Note: The Group by operator prioritizes performance. As a result, Groupings do not include much information about each individual item contained within them. While work is in progress to address this limitation, in the mean time, a grouped dataset will not automatically update if any item within that dataset is created, updated, or destroyed.

Custom Types

These types of data are the types defined when you created your data structure. Most of these operations also apply to the user type.

Creator

This returns the user who created the current thing. If the user was not logged in when the thing was created, it will be empty.

Created Date

This returns the date of the creation of the thing. Its type is date and can be manipulated as a date.

Modified Date

This returns the date of the last modification of the thing. Its type is date and can be manipulated as a date.

Slug [Beta]

This returns the slug value of the thing selected. This slug is unique for each thing of a certain type and its value is displayed in URLs when a page is associated to this thing.

...'s unique id

This returns the unique id of the thing in the Bubble application database. Each entry has a unique id. Use this to generate links, etc. Caution: This is an advanced feature that is not normally necessary.

This feature generates a link to a page of the app whose type of content is the type of the current thing. Clicking that link will open that page with that thing as the current page's thing.

...:converted to list

This feature converts a unique item into a list when you need to work with other lists or a repeating group.

Custom Fields

Create new fields for the custom types defined in the app. In the Workflow Tab, 'Create a new thing' action, then select 'Create a new field' in the dropdown menu. This is the same as adding a new field in the Data Tab.

Our Academy quick tip on adding data types as custom fields

Field name

Enter a name to describe the field.

Field type

A field must have a type. It can be a number, text, yes/no, address, etc. It can also be a custom type already created to store a composite object. For example, an apartment will have a field of type booking, which is also defined as a custom type.

This field is a list (multiple entries)

It is common to deal with lists of texts, numbers, things, users, etc. Checking this box defines a field as a list of things. Currently, lists are limited to 10,000 items. Trying to add additional items will result in an error message.

Default value

The default value is a way to define what the field should be if there is no information in the 'Create new thing' action for the current field.

User Type

These are the specific fields and options to use for the type user.

Email

This applies to the type user only and returns the user's email. If the user used a social network to sign up, it will return the email provided to that social network, if available.

...is logged in

Returns yes when the current user is logged in.

...is logged out

Returns yes when the current user is logged out.

...'s email confirmed

Returns yes if the current user confirmed their email by clicking on the link in the confirmation email.

... uses password

Returns yes if the current user used a password to create an account, and not an OAuth provider.

... uses 2FA

Returns yes if the current user has activated 2-factor authentication on his account.

... has 2FA backup codes

Returns yes if the current user has set up some backup codes on his account.

... is using cookies

This operator is only visible for applications that have enabled the "Do not set cookies on new visitors by default" setting. Returns yes if the user has cookies set via the opt-in to cookies action or via signing up or logging in, and no if we are not setting cookies on the user.

Option Sets

Option sets define a static list of choices for use in dropdowns, etc.. Options inside the sets have at least a text display, but they can have additional attributes defined in the Data tab.

...'s Display

This gets the text value of the option for use in displaying in things like dropdowns and text fields.

...:defaulting to

This feature sets an option to a default value, if the selected option is missing.

...:converted to list

This feature converts a single option into a list.

Option Attributes

Create new attributes for the option sets defined in the app. Attributes define additional values attached to your options in a set. You can add attributes in the Data tab.

Attribute name

Enter a name to describe the attribute.

Attribute type

An attribute must have a type. It can be a number, text, yes/no, address, etc. It can also be another Option set.

This attribute is a list (multiple entries)

It is common to deal with lists of texts, numbers, things, users, etc. Checking this box defines a attributes as a list of things. Currently, lists are limited to 10,000 items. Trying to add additional items will result in an error message.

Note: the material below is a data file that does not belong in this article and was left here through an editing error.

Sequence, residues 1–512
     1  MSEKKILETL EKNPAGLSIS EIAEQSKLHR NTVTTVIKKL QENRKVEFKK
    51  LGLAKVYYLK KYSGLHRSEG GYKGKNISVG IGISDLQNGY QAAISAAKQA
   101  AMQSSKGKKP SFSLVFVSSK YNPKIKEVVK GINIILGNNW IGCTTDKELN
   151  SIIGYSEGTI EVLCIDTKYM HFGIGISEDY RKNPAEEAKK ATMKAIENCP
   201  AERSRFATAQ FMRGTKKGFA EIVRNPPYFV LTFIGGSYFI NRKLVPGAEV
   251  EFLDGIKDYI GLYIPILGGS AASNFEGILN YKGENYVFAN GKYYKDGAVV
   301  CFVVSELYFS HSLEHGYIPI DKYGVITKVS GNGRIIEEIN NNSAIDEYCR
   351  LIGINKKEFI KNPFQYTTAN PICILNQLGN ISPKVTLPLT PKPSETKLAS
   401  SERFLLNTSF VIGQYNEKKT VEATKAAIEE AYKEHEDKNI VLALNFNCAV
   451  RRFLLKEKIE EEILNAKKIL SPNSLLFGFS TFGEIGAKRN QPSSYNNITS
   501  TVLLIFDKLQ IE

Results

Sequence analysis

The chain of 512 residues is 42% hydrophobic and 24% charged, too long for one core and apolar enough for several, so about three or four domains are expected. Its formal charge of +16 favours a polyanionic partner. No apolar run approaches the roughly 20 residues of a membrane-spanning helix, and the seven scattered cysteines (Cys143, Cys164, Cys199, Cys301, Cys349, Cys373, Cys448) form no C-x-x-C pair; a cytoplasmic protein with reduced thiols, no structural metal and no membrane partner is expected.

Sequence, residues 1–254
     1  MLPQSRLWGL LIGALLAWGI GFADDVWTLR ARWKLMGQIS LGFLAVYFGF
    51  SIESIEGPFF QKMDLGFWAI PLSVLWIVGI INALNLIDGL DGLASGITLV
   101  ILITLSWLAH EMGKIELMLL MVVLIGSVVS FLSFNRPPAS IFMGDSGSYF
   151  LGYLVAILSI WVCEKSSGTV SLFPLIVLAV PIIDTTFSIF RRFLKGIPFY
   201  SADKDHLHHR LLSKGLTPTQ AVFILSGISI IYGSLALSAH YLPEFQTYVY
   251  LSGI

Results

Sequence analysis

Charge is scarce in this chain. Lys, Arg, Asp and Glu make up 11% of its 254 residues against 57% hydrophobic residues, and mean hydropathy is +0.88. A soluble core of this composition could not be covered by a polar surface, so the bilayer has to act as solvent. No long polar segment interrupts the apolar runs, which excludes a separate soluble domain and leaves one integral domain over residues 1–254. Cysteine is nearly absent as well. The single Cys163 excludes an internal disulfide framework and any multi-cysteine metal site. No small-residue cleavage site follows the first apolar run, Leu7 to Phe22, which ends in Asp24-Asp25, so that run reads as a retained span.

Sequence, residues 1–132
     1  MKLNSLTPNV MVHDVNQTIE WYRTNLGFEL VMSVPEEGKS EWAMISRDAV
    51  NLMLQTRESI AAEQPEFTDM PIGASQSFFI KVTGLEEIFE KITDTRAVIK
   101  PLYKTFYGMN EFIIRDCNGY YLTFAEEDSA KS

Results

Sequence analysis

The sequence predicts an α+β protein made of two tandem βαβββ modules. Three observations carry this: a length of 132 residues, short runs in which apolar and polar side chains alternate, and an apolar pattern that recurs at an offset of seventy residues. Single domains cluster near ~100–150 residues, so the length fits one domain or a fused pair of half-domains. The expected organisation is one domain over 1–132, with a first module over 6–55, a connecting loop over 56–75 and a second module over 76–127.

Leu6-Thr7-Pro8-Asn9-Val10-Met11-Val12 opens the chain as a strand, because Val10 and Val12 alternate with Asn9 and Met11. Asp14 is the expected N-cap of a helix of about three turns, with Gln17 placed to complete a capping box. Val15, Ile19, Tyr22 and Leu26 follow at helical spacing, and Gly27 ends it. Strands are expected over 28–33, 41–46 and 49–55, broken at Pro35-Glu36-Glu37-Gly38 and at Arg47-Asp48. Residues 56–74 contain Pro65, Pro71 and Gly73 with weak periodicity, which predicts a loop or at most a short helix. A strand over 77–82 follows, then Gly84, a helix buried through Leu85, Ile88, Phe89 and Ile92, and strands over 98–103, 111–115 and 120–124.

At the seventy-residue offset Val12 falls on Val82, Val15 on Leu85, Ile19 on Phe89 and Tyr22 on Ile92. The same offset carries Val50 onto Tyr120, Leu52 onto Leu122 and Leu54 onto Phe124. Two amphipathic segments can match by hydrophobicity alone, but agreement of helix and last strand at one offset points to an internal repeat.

Options

Create new options for the option sets defined in the app. An option set can have many different options in it, each with a display text (as well as any additional attributes you want). You can add options in the Data tab.

Option name

Enter a name to describe the option. This will be the new option's "Display" attribute.

Contents
Shared operators
... is ...
... is not ...
... is empty
... is not empty
:formatted as JSON-safe
Text type
is not in
... contains
... doesn't contain
... contains keyword(s)
... doesn't contain keyword(s)
:capitalized words
:uppercase
:lowercase
:append
:formatted as ...
:used as ...
:trimmed
:number of characters
:truncated to
:truncated from end to
:extract...
:converted to number
:split by...
:find/replace...
:extract with Regex
:defaulting to
Number type
is not in
:formatted as ...
... > ...
... ≥ ...
... < ...
... ≤ ...
... + ...
... - ...
... * ...
... / ...
:rounded to
:floor
:ceiling
... ^ ...
<- range ->
... <- max -> ...
... <- min -> ...
... <- modulo -> ...
Number range type
is not in
:min
:max
:average
contains range
contains
is contained by
overlaps with
is greater
is greater (point)
is smaller
is smaller (point)
Date type
is not in
:formatted as ...
<- range ->
... +(seconds):
... +(minutes):
... +(hours):
... +(days):
... +(months):
... +(years):
... change seconds to ...
... change minutes to ...
... change hours to ...
... change date (day) to ...
... change month to ...
... change years to ...
... > ...
... < ...
... - ...
Extract from date
Rounded down
Equals rounded down
... <- max -> ...
... <- min -> ...
Date range type
is not in
:start
:end
:center
contains range
contains
is contained by
overlaps with
is after
is after (point)
is before
is before (point)
Date interval type
is not in
:format as days
:format as hours
:format as minutes
:format as seconds
Boolean type
is not in
is "yes"
is "no"
... and ....
... or ....
...:formatted as text
...:formatted as number
File type
is not in
...'s file name
...'s URL
:saved to S3
:encoded in base64
Image type
is not in
...'s file name
...'s URL
:saved to S3
:encoded in base64
:processed with Imgix
Geographic Address
is not in
...'s formatted address
...'s link to Google Maps
... distance from ...
:extract ...
...'s latitude
...'s longitude
...'s time zone ID
...'s time zone name
...'s daylight saving time offset
...'s offset from UTC (minutes)
List of things
... :count
... contains ...
... doesn't contains ...
...:first item
...:last item
...:random item
...:item #
...:items until #
...:items from #
... contains list ...
... join with ...
... :sum
... :product
... :average
... :median
... :min
... :max
...:filtered
...:format as text
...:sorted
:ranked by...
... merged with ...
... intersect with ...
... :unique elements
...:plus item
...:minus item
...:minus list
...:make static
..:group by
Custom Types
Creator
Created Date
Modified Date
Slug [Beta]
...'s unique id
...'s link
...:converted to list
Custom Fields
Field name
Field type
This field is a list (multiple entries)
Default value
User Type
Email
...is logged in
...is logged out
...'s email confirmed
... uses password
... uses 2FA
... has 2FA backup codes
... is using cookies
Option Sets
...'s Display
...:defaulting to
...:converted to list
Option Attributes
Attribute name
Attribute type
This attribute is a list (multiple entries)
Options
Option name